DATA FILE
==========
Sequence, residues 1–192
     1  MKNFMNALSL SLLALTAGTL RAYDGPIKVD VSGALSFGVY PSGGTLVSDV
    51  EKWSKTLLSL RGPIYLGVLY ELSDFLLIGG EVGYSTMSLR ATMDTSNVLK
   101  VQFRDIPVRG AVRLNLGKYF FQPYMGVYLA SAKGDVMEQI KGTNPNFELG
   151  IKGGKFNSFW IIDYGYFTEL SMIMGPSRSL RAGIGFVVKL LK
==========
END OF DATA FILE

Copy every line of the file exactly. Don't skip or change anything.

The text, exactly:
Sequence, residues 1–192
     1  MKNFMNALSL SLLALTAGTL RAYDGPIKVD VSGALSFGVY PSGGTLVSDV
    51  EKWSKTLLSL RGPIYLGVLY ELSDFLLIGG EVGYSTMSLR ATMDTSNVLK
   101  VQFRDIPVRG AVRLNLGKYF FQPYMGVYLA SAKGDVMEQI KGTNPNFELG
   151  IKGGKFNSFW IIDYGYFTEL SMIMGPSRSL RAGIGFVVKL LK